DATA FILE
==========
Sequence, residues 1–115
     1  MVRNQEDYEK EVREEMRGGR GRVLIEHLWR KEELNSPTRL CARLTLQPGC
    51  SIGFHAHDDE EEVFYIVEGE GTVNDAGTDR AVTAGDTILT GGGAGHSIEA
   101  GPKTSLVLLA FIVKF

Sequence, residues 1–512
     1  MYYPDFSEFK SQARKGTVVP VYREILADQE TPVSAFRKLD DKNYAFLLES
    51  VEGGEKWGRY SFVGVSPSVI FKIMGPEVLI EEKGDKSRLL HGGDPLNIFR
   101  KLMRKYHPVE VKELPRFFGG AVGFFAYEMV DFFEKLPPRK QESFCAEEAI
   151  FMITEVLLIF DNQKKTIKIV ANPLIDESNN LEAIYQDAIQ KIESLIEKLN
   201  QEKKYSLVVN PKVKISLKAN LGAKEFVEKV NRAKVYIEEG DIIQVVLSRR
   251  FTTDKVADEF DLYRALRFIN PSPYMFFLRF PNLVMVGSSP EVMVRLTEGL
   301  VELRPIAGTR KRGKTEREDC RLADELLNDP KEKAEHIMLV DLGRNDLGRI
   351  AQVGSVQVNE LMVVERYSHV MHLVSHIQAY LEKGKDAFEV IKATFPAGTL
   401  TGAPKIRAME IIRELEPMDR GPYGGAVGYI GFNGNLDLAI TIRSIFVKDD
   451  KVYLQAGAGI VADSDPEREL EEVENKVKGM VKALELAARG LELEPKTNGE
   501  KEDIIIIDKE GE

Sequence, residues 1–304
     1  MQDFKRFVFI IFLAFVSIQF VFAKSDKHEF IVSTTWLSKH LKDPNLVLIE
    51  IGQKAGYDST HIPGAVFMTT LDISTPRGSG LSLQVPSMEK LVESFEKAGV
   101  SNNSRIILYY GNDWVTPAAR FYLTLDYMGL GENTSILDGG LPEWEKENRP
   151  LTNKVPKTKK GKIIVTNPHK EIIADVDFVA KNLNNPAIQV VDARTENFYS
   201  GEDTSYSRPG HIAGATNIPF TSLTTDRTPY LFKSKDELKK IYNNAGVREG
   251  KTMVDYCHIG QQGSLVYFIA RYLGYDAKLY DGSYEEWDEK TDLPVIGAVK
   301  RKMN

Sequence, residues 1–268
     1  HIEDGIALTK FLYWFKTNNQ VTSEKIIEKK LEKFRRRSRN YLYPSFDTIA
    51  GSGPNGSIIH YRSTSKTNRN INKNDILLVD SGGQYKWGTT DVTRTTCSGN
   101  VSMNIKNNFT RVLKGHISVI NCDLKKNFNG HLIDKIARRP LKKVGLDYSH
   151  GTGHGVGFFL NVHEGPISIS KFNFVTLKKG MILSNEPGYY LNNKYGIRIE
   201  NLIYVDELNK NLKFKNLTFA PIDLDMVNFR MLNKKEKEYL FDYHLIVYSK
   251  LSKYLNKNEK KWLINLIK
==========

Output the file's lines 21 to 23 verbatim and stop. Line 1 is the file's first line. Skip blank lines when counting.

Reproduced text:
   151  LTNKVPKTKK GKIIVTNPHK EIIADVDFVA KNLNNPAIQV VDARTENFYS
   201  GEDTSYSRPG HIAGATNIPF TSLTTDRTPY LFKSKDELKK IYNNAGVREG
   251  KTMVDYCHIG QQGSLVYFIA RYLGYDAKLY DGSYEEWDEK TDLPVIGAVK